Does your newspaper allow comments online?
L: Yes, we do.
T:
How are you handling anonymous commentary? What are you really doing that’s preventing people from commenting anonymously? Are you requiring them to give a driver’s license?
If you’re actually requiring people to register and give an email address, a lot of people register with a pseudonym. I will bet you most people who are commenting on your site are also anonymous. It’s not much different than most sites on the Net. There are a lot of large social platforms – Twitter, Tumblr. Most online commentary sites allow for pseudonyms.

L: What prompted you all to start forums on Topix?
T:
There are around 25,000 stories a day that we can find that are local. You divide that by the 20,000 cities and towns in the country and there just isn’t enough news, so it turns out for little towns in Tennessee, there’s not enough news to make an interesting site, so we gave people the ability to start commenting and putting in their own news stories and that turns out to be much more interesting.
We’re now one of the larger sites on the Net dealing with small towns. Now a lot of that news is gossip, stuff that not everybody is happy about, but I’ll bet you there are a lot of stories you write that have [upset] people ... . It’s very subjective to whether that’s labeled journalism on it. You wrap yourself in the flag, and it’s really great.
If it’s gossip, well that’s really bad, but it turns out it’s kind of the same thing. I’m not saying what we have is journalism, but it is news.

L: Are you concerned about lawsuits?
T:
Congress created this law [Section 230 of the Communications Decency Act] years ago, and basically if you run an interactive computer service, the people who are responsible legally for their commentary are the people who write it.
For example, if you make a computer service responsible for comments, does that mean that Apple is responsible if you read something on your iPhone, AT&T for carrying that message?
Is it us for providing a platform for someone? No, the responsibility for that is the person who wrote it. Now, getting to that person might be slightly tricky, trickier than it would be in a newspaper, but it’s not that tricky.
It turns out that, for the most part, there are people who have been libeled online, and they’ve sued people that have sort of been anonymously commenting. The chain of evidence eventually points back to them.

L: You don’t have any qualms about what you all do?
T:
No. Why would we? You’re coming at it like we’re doing something wrong, it sounds like. Your question contains a narrative.
The primary narrative in news is the villain is harming the victim, so who am I in this story? It’s not that I’m the villain. Twitter provides a much larger service, which provides a much wider depth of content. You can go onto Twitter and find things that I would take off my site. What’s your story about?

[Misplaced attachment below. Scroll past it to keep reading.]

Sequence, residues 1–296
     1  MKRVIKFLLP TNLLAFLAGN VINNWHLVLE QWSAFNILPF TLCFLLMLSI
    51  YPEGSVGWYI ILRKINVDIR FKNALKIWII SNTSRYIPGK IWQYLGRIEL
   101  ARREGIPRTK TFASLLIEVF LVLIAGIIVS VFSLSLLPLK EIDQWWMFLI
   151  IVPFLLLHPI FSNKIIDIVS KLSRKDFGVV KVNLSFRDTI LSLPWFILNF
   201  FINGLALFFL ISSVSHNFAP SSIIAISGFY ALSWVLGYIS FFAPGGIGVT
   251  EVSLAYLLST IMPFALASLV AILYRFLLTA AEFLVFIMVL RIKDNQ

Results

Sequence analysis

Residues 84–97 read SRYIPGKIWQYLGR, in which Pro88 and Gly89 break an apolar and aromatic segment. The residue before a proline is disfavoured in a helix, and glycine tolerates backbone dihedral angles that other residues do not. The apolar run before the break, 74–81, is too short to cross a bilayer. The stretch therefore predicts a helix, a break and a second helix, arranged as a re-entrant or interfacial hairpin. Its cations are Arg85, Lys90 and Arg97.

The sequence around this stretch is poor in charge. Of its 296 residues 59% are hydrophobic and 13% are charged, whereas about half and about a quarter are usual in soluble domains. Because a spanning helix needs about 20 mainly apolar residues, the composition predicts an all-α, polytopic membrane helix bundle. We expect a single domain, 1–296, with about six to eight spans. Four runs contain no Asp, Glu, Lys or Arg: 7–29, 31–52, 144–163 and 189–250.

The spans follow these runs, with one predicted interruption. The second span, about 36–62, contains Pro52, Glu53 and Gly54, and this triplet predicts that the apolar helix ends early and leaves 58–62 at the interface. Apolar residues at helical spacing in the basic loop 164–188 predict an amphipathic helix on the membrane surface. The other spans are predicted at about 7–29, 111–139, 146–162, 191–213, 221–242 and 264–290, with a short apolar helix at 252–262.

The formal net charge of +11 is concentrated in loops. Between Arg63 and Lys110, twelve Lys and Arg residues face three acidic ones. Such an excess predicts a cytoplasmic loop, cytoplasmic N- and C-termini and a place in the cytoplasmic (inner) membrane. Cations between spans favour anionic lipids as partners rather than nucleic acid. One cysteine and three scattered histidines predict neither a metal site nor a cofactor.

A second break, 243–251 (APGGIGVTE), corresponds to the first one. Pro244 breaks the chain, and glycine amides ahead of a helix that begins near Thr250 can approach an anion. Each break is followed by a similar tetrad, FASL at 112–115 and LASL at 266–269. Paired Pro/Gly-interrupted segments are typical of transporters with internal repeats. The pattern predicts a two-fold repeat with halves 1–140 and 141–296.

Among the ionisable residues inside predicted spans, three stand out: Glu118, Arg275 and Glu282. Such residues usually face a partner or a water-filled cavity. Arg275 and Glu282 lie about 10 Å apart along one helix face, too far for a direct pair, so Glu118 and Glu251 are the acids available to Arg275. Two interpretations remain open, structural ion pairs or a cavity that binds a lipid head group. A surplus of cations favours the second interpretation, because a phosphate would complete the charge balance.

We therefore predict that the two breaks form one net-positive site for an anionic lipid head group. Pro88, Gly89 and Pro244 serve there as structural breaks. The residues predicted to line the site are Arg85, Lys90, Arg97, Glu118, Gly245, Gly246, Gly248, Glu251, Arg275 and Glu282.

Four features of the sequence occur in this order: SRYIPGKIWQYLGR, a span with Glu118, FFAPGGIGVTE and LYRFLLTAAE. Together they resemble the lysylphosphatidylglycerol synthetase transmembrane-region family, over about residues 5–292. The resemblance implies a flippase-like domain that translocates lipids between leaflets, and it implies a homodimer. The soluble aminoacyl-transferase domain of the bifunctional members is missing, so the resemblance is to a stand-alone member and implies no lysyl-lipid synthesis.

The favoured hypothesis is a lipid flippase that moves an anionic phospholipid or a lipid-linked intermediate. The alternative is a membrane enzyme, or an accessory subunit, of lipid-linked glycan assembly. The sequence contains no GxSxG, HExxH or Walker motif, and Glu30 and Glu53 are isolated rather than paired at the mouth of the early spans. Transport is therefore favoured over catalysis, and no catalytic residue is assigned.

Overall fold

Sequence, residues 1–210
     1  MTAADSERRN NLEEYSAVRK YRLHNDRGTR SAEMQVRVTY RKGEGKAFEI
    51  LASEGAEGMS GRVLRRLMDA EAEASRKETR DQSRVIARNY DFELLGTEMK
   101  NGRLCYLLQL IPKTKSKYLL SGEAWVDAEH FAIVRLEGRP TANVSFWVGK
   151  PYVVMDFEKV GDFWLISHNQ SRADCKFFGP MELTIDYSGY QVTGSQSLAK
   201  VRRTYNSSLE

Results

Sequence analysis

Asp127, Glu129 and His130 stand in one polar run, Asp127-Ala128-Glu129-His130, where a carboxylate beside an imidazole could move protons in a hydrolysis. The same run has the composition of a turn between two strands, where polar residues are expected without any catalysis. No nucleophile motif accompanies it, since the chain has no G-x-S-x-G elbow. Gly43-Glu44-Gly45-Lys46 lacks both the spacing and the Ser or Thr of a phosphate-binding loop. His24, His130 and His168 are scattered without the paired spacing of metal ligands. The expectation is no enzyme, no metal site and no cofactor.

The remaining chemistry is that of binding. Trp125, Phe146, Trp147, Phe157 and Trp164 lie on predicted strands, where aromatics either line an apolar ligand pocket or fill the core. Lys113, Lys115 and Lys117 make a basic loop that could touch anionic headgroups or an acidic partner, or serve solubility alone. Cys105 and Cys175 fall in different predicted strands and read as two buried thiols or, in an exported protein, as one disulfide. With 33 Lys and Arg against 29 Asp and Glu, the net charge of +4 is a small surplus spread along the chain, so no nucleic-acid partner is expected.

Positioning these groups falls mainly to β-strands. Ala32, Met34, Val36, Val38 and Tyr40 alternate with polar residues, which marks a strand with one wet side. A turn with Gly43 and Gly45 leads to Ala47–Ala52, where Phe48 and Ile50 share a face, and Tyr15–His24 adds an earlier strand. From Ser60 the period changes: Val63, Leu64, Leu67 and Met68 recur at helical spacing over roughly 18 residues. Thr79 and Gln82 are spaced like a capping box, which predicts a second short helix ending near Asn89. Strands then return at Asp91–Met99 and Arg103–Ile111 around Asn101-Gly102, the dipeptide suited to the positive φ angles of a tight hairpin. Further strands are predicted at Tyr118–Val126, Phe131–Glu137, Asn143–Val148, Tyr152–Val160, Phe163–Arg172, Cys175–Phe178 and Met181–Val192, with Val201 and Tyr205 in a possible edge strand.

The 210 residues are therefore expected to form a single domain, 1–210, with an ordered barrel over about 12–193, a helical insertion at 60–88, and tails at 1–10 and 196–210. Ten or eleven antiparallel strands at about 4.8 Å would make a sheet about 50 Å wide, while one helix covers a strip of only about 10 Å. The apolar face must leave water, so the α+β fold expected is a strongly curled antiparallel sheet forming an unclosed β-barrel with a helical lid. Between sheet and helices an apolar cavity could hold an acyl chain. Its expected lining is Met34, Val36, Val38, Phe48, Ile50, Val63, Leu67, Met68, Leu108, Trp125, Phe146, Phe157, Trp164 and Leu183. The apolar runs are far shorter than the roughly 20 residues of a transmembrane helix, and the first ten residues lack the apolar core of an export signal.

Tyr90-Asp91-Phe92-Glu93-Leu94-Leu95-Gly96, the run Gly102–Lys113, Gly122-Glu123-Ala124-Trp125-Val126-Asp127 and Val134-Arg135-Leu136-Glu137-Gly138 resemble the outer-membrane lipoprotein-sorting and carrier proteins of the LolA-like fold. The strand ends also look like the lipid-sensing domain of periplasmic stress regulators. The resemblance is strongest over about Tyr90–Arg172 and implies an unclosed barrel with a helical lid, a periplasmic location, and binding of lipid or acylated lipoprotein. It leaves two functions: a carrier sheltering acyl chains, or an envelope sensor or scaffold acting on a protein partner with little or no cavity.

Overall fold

L: There is a lawyer in one of the towns we cover named Donice Butler who said she’s considering filing a lawsuit against Topix because of the comments that have been posted about her on the site.
T:
Let me point out that this person is an attorney. She has the ability to create a lawsuit at no personal cost to herself. She doesn’t have to hire an attorney. She can be one herself. She’s probably a pretty powerful local figure.
One question is how can someone confront this person if they’re an attorney? I would say that we provide a service to that person that needs to speak without fear of repercussion as long as they stay within the lines.
If this attorney feels that she’s been libeled because someone has cast aspersions on her mores, she can go off, and she can sue that person and get a court order to try to have that person’s name come out and then she can take them to court. That’s her right to do that.
She can also try to communicate with us. I don’t know if she has or not, but if she tries to get in touch with us and say, ‘Hey, these things are libelous, please remove them.’ If she’s done that and we’ve failed, that’s one thing, but if she hasn’t done that, it’s hard for us to comment.

L: How would you feel if someone posted something on Topix about you?
T:
People do it all the time. For the most part, I leave most of it, and I have the ability to take it down myself, I’ll point out. I generally don’t, unless it’s libelous.
There’s a lady who is out there accusing me of being in hand-in-hand with the NSA and all sorts of crazy stuff. People slam us all the time. Sometimes on Topix, sometimes on Twitter, sometimes on other sites.
If it’s not libelous, it’s like it is what it is. There are people who have a very negative opinion of our site, but for the most part, I kind of practice what I preach.
Only when it rises to the occasion of true libel or people are trying to interfere with our business, at that point in time I might take some action, and that happens occasionally.